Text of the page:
Extreme Weather News
As expected, tropical storm Aletta intensified and became a hurricane. Aletta was a powerful hurricane with winds of about 85 kts (98 mph) when the GPM core observatory satellite passed over head on June 7, 2018 at 18:38 PM MDT (June 8, 2018 at 0038 UTC). GPM's Microwave Imager (GMI) and Dual Frequency Precipitation Radar (DPR) instruments showed that hurricane Aletta contained powerful storms that were producing heavy precipitation. Very strong convective storms were producing heavy rainfall in Aletta's eye wall while the most extreme downpours were shown in a large feeder band wrapping around the eastern side of the hurricane. GPM's radar (DPR Ku Band) data indicated that precipitation in that area was coming down at a rate of over 142 mm (5.6 inches) per hour.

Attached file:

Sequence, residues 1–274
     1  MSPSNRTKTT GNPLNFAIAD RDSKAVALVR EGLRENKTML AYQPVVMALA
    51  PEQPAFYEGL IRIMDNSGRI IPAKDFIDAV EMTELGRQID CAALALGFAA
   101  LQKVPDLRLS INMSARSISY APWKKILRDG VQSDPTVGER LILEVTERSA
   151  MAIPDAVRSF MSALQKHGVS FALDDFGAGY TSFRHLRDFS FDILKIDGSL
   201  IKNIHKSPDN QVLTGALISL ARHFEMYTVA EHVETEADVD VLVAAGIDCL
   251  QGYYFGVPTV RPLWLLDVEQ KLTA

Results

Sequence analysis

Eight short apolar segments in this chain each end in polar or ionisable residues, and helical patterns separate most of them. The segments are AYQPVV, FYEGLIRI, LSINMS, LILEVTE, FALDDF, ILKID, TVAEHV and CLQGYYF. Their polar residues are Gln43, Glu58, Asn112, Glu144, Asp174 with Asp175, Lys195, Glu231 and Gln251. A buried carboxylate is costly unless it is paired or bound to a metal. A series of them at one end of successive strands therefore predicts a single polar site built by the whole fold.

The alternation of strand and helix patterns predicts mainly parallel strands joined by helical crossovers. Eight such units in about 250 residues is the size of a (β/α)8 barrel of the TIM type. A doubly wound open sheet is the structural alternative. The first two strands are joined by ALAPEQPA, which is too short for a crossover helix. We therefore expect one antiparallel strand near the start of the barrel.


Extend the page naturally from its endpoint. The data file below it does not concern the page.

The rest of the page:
The western edge of the satellite's radar (DPR Ku Band) swath measured the intensity and heights of storms in hurricane Aletta's eastern eye wall. This 3-D cross-section view (looking toward the southwest) reveals that a few of these tall convective towers were reaching heights above 15 km (9.3 miles). The heat released by condensation within these tall thunderstorms provided fuel for Aletta's intensification.
The National Hurricane Center (NHC) predicts that Aletta will move into an area of higher vertical wind shear and cooler sea surface temperatures this weekend. These environmental conditions are expected to cause Aletta to weaken significantly.
- Images and caption by Hal Pierce (SSAI/NASA GSFC)
- Interactive visualization by Matt Lammers (KBRwyle / NASA GSFC)